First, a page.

Flooding therapy is one of several widely utilized behavioral treatment methodologies that have proven extremely beneficial toward helping people expose and face fear and anxieties. These therapies are based upon a primary principle of learning referred to as extinction or habituation.The idea here is that fear occurs in response to certain cues (snakes, crowds, public speaking etc.) due to conditioning (learned associations). Thus, by promoting exposure to fear eliciting cues, the fear response gradually decreases (undergoes exctinction) since the brain learns that there is no biological danger likely to ensue. So, as an example, if you were to watch a scary movie, say, oh, I don’t know…Halloween, during the first viewing, you might experience significant fear, anticipation, or horror. But let’s say you had an opportunity to watch it a number of times. With surprising speed, the degree of fear would lessen. With repeated viewings, it might even appear silly, or boring. After all, a movie is just shadow, light, and sound waves. There is nothing of intrinsic substance present. What makes a movie work is the shared audience experiences, conditioning, beliefs along with perhaps some archetypal fears (non conditioned) thrown in to boot. But as Mark Twain once stated…”The worst fears in life never happened”.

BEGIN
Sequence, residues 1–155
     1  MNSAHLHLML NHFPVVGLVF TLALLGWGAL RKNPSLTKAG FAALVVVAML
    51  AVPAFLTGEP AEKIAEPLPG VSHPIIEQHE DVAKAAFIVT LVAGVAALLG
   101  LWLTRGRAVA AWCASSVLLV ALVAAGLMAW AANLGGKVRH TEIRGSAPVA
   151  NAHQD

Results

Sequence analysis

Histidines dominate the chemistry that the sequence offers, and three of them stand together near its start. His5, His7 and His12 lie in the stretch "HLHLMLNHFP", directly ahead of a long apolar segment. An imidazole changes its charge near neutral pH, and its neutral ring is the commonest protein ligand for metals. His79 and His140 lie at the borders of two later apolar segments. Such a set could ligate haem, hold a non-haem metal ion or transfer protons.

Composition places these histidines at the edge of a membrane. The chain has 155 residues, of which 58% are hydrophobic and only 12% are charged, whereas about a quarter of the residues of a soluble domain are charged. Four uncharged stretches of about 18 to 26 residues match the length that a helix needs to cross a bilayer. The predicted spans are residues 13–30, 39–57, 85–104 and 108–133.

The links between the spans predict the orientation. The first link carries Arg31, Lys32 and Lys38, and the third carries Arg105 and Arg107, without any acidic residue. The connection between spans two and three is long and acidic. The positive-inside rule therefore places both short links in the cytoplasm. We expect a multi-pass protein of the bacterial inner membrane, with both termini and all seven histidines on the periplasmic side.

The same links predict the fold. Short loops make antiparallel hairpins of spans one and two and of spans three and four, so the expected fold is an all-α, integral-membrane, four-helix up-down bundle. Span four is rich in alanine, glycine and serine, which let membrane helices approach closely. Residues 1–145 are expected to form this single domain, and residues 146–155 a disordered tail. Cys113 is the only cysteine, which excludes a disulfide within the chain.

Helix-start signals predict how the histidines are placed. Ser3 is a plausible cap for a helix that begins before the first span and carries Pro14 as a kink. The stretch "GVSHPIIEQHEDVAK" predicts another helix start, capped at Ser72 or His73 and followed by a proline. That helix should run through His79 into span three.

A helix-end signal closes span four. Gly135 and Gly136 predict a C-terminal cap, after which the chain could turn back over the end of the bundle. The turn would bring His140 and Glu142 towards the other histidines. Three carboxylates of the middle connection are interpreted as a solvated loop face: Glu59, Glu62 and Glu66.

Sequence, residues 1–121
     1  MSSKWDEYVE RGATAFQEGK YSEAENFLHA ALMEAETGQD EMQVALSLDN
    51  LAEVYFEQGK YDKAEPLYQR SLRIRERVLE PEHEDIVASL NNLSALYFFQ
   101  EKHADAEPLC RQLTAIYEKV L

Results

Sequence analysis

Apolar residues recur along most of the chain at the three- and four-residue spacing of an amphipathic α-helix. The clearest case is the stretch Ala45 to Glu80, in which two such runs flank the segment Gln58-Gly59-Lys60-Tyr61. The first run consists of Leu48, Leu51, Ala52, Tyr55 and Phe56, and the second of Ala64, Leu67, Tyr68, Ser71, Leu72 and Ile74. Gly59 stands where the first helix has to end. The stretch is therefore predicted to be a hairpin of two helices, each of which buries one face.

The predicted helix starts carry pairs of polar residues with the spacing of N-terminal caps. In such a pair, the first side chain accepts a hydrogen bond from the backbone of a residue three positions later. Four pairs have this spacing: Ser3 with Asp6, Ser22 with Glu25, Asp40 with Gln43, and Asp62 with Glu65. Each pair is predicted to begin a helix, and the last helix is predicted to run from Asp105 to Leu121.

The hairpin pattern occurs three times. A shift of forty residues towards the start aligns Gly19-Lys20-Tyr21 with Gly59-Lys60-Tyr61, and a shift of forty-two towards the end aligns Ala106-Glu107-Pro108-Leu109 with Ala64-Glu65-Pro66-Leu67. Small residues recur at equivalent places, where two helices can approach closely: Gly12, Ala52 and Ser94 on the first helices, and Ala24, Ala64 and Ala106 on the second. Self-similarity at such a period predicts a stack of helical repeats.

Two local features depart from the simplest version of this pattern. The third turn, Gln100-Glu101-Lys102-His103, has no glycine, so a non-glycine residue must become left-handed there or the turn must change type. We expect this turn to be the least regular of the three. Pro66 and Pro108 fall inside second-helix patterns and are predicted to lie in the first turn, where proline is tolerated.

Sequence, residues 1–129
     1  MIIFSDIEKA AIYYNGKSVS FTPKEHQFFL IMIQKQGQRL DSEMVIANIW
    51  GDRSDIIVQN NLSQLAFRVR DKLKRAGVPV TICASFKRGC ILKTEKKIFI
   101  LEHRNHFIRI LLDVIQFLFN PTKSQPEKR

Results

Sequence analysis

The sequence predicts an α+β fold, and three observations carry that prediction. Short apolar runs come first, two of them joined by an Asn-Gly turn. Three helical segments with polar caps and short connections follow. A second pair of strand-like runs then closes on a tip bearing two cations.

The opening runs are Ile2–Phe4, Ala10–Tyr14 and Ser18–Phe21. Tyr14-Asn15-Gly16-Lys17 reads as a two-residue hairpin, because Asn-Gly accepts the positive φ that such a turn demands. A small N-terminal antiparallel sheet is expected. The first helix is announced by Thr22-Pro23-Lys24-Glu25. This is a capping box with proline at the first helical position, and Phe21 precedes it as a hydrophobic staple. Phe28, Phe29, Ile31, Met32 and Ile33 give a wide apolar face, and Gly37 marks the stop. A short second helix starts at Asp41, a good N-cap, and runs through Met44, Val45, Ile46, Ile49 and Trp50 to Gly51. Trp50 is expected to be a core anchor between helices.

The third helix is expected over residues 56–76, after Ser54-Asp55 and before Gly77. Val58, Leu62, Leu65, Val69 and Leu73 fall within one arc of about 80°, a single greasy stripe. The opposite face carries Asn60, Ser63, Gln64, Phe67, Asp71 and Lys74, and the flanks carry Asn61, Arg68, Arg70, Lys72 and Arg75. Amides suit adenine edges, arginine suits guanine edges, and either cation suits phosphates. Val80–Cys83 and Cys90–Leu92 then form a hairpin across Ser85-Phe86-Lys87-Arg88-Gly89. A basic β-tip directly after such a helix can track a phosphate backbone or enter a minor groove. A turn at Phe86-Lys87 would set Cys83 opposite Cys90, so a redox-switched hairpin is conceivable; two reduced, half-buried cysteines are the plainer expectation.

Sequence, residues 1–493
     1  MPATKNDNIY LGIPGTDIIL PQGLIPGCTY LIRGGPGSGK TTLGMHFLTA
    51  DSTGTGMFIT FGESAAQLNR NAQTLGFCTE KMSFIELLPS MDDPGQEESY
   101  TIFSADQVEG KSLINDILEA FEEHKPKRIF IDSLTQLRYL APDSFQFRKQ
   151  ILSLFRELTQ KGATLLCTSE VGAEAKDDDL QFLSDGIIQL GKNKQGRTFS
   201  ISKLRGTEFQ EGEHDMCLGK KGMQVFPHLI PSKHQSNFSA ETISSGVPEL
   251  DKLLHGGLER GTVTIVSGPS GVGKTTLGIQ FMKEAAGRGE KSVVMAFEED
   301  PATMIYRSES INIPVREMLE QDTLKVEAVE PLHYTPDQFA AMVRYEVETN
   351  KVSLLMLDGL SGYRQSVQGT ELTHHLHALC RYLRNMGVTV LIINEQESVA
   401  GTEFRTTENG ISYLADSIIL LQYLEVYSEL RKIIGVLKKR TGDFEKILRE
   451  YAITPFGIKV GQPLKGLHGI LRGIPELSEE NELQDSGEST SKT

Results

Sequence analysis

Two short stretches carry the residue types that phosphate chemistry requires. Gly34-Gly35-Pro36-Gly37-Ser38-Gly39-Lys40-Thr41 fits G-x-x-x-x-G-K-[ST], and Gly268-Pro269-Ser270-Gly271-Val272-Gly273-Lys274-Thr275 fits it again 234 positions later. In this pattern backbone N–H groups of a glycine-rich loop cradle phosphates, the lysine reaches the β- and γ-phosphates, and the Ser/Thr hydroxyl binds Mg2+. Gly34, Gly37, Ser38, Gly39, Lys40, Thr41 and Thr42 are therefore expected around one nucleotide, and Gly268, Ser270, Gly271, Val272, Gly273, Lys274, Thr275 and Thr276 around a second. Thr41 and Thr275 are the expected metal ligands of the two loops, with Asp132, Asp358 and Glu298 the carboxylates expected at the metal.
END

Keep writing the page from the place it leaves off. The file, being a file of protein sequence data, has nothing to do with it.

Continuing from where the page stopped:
Flooding therapy, is a procedure wherein a person is “flooded” with fear related stimuli to maximally provoke extinction. This can be done in real life through in vivo flooding, or in imagery with imaginal flooding. In in vivo flooding, one is prompted to face one’s fears directly, in a graduated or maximal manner. So, if one is afraid of snakes, one may start by viewing pictures of snakes in books and magazines. Then perhaps viewing snakes at a pet shop or zoo. Then perhaps touching a snake while someone else handles and controls the snake. All the while, one is asked to rate fear on a subjective units of distress (SUDS) scale which is a 1-10 subjective rating scale (10 being maximal fear). The idea is that over time, and with repeated or prolonged exposure, one will see the arousal gradually dropping. Similar procedures can be done for a number of fears and phobias (needles/injections, rodents, heights, closed in spaces, germs/contamination, public speaking etc.).
Many fears, due to their nature, cannot be faced in an actual or controlled manner. So, for example, one’s irrational fears of having cancer or HIV, fears of dying or loss of control, are more able to be confronted in one’s imagery. Similarly, for those who have undergone extreme trauma, whether through combat, violent crime, or natural disaster, are probably more likely to be able to face fear eliciting cues in imagery.Quite often, there is much more than just fear embedded in the avoided cues.
As an example, I have had the honor to work with a number of Vietnam war veterans. They were asked to recount critical battle or other traumatic scenes in order to help them to face the fear, anger, guilt, loss and helplessness that are often contained in the memories. Because of the fact, that more diverse and often deeply embedded cues need to be faced to produce lasting relief, I more often utilize another very powerful fear exposure technique. More on that in the next blog.
Another good blog on this topic: http://www.portlandpsychotherapyclinic.com/training/blog/experiential-avoidance-and-its-relevance-ptsd
As always, please feel free to provide comments, personal experiences or questions to help make this a more dynamic experience.